Apatite compositions and groundmass mineralogy record divergent melt/fluid evolution trajectories in coherent kimberlites caused by differing emplacement mechanisms

Abstract

Kimberlites are pipe-like igneous bodies, consisting of a pyroclastic crater and diatreme, commonly underlain by coherent root-zone rocks, and with associated dyke/sill complexes. The processes that control the different modes of coherent kimberlite emplacement remain uncertain. In addition, late evolution of kimberlite melts during emplacement into the upper crust remains poorly constrained. Therefore, it is unclear whether there is a link between melt composition/evolution and the emplacement mechanism of coherent kimberlites (i.e. planar dykes/sills vs. irregular bodies in the root zone). An absence of comparative studies on late-stage magmatic phases across the different emplacement modes of coherent kimberlite from the same locality hamper resolution of these issues. Therefore, we report petrographic and mineral chemical data for groundmass apatite in samples of dyke, sill, and root-zone kimberlites from the Kimberley cluster (South Africa).

Early crystallised phases (olivine, spinel, Mg-ilmenite) in dyke/sill and root-zone kimberlites have indistinguishable compositions, and hence crystallised from similar primitive melts. Conversely, apatite compositions are generally distinct in dyke/sill (low Sr, high and variable Si) and root-zone kimberlites (high and variable Sr, low Si). The Si enrichment of apatite in dykes/sills is attributed to the coupled incorporation of CO32− and SiO44− for PO43−, reflecting higher CO2 contents in their parental melts, and potentially higher Si contents due to the preferential crystallisation of carbonates over mica/monticellite. The low Sr contents of apatite in dyke/sill kimberlites reflect equilibrium with a (kimberlite) melt (i.e. DSr is close to unity for carbonate and silicate melts), whereas the higher Sr contents of apatite in root-zone kimberlites require crystallisation from, or overprinting by a H2O ± CO2 fluid (significantly higher DSr).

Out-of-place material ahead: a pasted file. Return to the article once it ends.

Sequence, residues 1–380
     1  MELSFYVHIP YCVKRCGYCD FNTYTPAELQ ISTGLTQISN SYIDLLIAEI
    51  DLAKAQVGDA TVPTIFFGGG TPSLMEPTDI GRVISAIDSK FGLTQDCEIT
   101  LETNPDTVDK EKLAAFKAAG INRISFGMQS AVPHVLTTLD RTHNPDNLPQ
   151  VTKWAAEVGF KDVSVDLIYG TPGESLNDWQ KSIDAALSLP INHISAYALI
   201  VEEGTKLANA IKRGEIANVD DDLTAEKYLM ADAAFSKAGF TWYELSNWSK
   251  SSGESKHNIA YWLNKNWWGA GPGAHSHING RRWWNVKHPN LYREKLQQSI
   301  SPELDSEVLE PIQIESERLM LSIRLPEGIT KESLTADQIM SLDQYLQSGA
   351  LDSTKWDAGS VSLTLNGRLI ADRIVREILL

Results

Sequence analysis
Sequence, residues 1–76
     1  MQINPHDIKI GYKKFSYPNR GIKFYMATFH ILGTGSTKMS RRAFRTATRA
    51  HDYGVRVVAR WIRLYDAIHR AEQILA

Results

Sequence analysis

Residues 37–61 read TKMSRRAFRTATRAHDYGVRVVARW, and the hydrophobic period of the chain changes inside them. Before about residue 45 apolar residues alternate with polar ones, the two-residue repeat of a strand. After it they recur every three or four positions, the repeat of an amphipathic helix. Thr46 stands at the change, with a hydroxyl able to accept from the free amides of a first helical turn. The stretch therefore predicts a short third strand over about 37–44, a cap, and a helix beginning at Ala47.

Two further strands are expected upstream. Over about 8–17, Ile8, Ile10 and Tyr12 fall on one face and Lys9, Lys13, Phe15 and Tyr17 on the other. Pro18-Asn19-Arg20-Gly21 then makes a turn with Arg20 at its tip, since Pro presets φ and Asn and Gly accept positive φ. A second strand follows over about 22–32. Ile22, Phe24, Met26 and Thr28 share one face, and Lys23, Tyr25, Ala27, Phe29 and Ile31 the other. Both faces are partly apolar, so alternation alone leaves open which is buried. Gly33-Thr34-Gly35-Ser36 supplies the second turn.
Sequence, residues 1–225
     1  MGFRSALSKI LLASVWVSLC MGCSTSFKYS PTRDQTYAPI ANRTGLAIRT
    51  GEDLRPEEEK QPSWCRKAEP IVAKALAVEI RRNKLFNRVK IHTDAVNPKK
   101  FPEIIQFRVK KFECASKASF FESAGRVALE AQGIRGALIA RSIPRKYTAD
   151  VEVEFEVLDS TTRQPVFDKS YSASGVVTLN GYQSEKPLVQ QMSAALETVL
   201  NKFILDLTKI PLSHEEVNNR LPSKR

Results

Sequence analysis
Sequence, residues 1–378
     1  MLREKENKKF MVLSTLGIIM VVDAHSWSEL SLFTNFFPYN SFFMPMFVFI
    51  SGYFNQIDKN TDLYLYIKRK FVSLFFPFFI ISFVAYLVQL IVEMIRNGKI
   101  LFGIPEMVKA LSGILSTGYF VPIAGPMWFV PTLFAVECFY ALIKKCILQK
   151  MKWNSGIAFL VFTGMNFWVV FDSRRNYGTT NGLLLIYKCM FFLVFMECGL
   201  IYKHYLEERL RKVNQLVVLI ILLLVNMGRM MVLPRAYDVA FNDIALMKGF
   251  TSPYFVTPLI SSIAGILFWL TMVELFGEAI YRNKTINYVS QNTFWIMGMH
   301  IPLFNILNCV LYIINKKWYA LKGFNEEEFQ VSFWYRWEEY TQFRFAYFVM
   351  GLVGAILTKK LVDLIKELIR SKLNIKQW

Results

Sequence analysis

The relative enrichment of CO2 in kimberlite dykes/sills is evident from the abundance of carbonates, the presence of mesostasis dolomite and calcite phenocrysts in some samples, and concomitant reduced proportions of other groundmass phases (e.g. serpentine, mica, monticellite). During late alteration of kimberlite dykes/sills, monticellite is typically replaced by carbonates, whereas olivine and pleonaste are relatively stable, indicating the melts which form dykes/sills evolve to higher CO2/H2O ratios.

It is unlikely that these two distinct evolutionary paths were caused by crustal contamination before or during near surface magma emplacement, because crustal assimilation is not recorded in the O and Sr isotopic composition of late crystallising olivine rinds or carbonates, respectively. We suggest that higher concentrations of CO2 are retained in kimberlite dykes/sills due to higher confining pressures (i.e. lack of breakthrough to the surface). In contrast, exsolution of CO2 from root-zone kimberlites increased melt H2O/CO2 ratios and promoted the crystallisation of mica and monticellite at the expense of dolomite and calcite.

Apatite compositions have the potential to aid in the discrimination of kimberlites from lamproites (higher LREE, Sr, F, and S, lower Si contents) and carbonatites (higher LREE, F, Cl and S, lower Fe contents). However, the compositions of kimberlitic apatite overlap those from aillikites, probably due to similar late-stage melt compositions.

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Acknowledgements

We thank Graham Hutchinson for his tireless assistance during SEM and EPMA analysis at the University of Melbourne. We are grateful to Phillip Janney for facilitating access to the John J. Gurney Upper Mantle Room Collection (University of Cape Town), from which samples of the De Beers dyke were loaned. In addition, we thank the De Beers Group and Petra Diamonds for provision of additional samples and for allowing access to the Wesselton mine and Benfontein Farm for sample collection. Jock Robey organised access to various sites in the Kimberley area and supervised sample collection, for which we are exceptionally appreciative. We also thank Stephen Sparks for supplying samples of the Wesselton water tunnel sills. AS thanks Angus Fitzpayne, Hayden Dalton, Madeline Tovey, Lynton Jaques, Simon Shee, and Bruce Wyatt for fruitful discussions on kimberlite emplacement. AG acknowledges funding from the Swiss National Science Foundation (Ambizione grant n. PZ00P2_180126/1).

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Soltys, A., Giuliani, A. & Phillips, D. Apatite compositions and groundmass mineralogy record divergent melt/fluid evolution trajectories in coherent kimberlites caused by differing emplacement mechanisms. Contrib Mineral Petrol 175, 49 (2020). https://doi.org/10.1007/s00410-020-01686-0

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Keywords

  • Kimberlite
  • Apatite
  • Magma emplacement
  • Melt evolution